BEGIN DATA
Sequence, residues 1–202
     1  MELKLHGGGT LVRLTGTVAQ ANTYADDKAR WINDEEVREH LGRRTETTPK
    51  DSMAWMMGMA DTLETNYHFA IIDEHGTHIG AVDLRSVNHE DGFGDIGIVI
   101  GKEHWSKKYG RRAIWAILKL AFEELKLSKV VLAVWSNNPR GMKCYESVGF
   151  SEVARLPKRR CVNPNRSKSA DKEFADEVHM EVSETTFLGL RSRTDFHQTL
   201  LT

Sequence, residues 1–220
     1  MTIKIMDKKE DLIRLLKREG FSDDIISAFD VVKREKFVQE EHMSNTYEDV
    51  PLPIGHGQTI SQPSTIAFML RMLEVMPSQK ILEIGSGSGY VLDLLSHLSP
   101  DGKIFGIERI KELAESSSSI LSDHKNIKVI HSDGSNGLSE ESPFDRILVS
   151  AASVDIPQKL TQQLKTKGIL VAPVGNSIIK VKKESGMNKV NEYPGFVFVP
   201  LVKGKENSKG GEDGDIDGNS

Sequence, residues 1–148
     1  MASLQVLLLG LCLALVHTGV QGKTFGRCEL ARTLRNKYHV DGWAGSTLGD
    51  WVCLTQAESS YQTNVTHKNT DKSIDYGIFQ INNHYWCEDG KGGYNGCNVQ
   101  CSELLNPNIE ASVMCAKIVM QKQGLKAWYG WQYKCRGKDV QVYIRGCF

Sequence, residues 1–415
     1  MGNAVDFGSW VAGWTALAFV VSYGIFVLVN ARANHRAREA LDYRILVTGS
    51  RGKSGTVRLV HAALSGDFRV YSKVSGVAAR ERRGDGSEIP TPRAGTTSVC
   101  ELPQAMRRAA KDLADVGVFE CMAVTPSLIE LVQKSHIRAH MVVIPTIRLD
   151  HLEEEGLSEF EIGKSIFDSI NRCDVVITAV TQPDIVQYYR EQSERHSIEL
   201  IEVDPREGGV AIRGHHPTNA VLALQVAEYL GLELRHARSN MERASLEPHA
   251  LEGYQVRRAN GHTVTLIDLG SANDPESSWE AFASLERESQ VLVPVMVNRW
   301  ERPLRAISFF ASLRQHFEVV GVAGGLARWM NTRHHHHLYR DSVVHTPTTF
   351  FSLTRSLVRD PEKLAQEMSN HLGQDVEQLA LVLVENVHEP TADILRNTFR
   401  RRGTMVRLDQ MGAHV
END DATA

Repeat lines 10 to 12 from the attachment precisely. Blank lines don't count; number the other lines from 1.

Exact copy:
   101  DGKIFGIERI KELAESSSSI LSDHKNIKVI HSDGSNGLSE ESPFDRILVS
   151  AASVDIPQKL TQQLKTKGIL VAPVGNSIIK VKKESGMNKV NEYPGFVFVP
   201  LVKGKENSKG GEDGDIDGNS